Affiliation: Friedrich Miescher Institute for Biomedical Research, Maulbeerstrasse 66, 4058 Basel, Switzerland. nicole.hustedt@fmi.ch.

ABSTRACT
Checkpoints monitor critical cell cycle events such as chromosome duplication and segregation. They are highly conserved mechanisms that prevent progression into the next phase of the cell cycle when cells are unable to accomplish the previous event properly. During S phase, cells also provide a surveillance mechanism called the DNA replication checkpoint, which consists of a conserved kinase cascade that is provoked by insults that block or slow down replication forks. The DNA replication checkpoint is crucial for maintaining genome stability, because replication forks become vulnerable to collapse when they encounter obstacles such as nucleotide adducts, nicks, RNA-DNA hybrids, or stable protein-DNA complexes. These can be exogenously induced or can arise from endogenous cellular activity. Here, we summarize the initiation and transduction of the replication checkpoint as well as its targets, which coordinate cell cycle events and DNA replication fork stability.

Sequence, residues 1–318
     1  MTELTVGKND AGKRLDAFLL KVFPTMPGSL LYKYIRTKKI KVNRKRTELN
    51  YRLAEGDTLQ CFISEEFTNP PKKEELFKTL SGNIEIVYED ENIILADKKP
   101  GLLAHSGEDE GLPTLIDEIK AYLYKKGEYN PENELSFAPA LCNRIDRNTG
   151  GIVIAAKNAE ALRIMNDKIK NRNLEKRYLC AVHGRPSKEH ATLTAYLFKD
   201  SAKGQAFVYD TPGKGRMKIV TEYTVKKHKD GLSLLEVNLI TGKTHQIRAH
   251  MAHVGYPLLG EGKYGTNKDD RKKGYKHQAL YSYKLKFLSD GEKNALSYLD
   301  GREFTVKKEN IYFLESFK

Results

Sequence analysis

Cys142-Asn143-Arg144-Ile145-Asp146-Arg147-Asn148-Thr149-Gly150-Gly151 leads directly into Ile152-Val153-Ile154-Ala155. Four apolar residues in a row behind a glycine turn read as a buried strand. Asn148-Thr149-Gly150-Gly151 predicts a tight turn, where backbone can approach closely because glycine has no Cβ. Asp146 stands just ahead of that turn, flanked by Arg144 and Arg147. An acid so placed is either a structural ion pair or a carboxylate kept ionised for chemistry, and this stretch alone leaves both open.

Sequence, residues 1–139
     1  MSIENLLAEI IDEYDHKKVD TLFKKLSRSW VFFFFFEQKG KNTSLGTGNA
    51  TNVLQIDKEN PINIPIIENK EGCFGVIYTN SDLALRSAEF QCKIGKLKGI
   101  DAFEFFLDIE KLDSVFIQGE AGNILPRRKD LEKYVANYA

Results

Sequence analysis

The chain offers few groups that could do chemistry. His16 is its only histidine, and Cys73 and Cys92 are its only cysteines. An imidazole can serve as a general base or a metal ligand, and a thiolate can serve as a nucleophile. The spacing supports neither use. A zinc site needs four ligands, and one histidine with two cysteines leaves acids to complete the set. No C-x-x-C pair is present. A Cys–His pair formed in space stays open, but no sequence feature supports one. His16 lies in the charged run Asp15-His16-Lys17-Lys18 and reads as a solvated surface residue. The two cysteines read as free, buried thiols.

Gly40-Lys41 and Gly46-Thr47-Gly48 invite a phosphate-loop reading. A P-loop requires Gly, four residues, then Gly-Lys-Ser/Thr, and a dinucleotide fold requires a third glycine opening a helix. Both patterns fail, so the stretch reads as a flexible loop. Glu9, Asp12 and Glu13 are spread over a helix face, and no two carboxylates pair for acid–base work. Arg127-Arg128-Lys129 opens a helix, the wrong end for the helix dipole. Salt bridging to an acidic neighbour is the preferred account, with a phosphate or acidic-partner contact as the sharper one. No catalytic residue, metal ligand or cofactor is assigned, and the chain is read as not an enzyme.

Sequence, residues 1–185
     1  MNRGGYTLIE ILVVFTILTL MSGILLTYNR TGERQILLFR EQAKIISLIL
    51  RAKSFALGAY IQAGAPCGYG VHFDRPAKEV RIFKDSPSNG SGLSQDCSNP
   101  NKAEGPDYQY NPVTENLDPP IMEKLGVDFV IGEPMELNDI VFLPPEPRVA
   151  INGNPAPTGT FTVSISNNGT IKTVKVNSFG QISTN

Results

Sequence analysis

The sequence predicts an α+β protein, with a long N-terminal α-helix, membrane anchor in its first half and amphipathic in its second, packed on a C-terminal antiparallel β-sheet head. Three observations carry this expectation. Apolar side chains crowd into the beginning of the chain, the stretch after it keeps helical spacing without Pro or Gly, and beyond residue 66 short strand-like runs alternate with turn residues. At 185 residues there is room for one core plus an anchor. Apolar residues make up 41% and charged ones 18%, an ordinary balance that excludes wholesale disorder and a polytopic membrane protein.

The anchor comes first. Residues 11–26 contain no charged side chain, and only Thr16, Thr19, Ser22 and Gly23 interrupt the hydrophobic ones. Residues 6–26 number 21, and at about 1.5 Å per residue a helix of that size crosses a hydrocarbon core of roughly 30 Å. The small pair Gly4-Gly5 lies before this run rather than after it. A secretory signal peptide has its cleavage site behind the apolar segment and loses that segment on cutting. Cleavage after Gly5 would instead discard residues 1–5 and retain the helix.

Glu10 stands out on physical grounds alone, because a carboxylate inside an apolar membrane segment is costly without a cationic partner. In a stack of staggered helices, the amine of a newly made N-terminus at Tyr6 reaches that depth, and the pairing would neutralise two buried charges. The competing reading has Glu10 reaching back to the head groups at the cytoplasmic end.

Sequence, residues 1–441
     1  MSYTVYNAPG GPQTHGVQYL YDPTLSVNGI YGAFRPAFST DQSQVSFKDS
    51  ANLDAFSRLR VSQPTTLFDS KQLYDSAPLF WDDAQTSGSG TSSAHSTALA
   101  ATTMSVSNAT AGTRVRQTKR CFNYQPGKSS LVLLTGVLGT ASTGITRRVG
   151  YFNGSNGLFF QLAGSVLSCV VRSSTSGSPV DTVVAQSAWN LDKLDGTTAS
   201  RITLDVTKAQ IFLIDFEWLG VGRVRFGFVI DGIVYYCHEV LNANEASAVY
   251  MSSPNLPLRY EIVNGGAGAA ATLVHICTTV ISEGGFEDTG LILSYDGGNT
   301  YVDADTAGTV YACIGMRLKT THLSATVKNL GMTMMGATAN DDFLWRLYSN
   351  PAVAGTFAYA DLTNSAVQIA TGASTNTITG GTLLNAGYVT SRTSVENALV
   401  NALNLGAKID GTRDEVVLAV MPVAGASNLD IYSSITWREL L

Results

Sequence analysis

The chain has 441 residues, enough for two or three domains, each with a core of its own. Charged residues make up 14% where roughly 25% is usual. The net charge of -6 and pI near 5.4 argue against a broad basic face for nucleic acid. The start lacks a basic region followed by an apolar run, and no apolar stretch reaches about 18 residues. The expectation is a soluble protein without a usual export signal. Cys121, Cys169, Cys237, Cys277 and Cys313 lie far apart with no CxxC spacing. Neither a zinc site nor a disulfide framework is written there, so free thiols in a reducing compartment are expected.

No MeSH data available.


Related in: MedlinePlus